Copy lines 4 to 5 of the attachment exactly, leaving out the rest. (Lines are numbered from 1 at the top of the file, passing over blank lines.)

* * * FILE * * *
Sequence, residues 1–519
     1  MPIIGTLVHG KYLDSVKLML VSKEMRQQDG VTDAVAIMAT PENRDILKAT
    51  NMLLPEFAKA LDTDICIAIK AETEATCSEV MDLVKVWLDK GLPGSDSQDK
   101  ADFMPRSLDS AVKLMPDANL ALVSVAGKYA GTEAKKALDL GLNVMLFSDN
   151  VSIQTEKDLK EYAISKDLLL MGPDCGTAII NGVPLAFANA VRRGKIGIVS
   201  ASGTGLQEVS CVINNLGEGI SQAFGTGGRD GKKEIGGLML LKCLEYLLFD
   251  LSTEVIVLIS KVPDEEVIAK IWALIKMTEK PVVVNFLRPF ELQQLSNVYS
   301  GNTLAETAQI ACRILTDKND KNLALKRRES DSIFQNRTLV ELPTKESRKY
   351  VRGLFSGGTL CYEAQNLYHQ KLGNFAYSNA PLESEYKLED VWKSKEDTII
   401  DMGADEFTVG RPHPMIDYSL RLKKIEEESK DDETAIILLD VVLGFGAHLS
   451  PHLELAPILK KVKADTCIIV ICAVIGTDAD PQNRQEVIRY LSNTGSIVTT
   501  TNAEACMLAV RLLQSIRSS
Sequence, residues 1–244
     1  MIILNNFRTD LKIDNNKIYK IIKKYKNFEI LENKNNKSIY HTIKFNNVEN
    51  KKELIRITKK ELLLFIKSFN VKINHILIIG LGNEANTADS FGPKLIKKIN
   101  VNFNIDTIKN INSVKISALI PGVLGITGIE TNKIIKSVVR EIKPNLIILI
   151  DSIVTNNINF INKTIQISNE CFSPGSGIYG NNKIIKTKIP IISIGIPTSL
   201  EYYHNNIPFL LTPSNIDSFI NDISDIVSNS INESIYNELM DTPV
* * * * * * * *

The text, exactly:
   101  ADFMPRSLDS AVKLMPDANL ALVSVAGKYA GTEAKKALDL GLNVMLFSDN
   151  VSIQTEKDLK EYAISKDLLL MGPDCGTAII NGVPLAFANA VRRGKIGIVS